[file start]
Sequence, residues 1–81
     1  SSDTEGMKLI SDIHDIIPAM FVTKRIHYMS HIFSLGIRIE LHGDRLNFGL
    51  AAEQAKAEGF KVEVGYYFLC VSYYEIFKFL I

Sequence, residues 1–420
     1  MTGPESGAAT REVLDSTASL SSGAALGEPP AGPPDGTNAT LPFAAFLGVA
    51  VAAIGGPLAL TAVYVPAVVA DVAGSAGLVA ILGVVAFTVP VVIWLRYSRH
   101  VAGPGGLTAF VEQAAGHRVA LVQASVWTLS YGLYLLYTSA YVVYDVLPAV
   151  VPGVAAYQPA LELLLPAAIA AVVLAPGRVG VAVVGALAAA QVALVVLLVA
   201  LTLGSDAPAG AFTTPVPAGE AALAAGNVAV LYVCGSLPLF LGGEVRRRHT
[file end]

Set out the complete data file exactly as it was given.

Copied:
Sequence, residues 1–81
     1  SSDTEGMKLI SDIHDIIPAM FVTKRIHYMS HIFSLGIRIE LHGDRLNFGL
    51  AAEQAKAEGF KVEVGYYFLC VSYYEIFKFL I

Sequence, residues 1–420
     1  MTGPESGAAT REVLDSTASL SSGAALGEPP AGPPDGTNAT LPFAAFLGVA
    51  VAAIGGPLAL TAVYVPAVVA DVAGSAGLVA ILGVVAFTVP VVIWLRYSRH
   101  VAGPGGLTAF VEQAAGHRVA LVQASVWTLS YGLYLLYTSA YVVYDVLPAV
   151  VPGVAAYQPA LELLLPAAIA AVVLAPGRVG VAVVGALAAA QVALVVLLVA
   201  LTLGSDAPAG AFTTPVPAGE AALAAGNVAV LYVCGSLPLF LGGEVRRRHT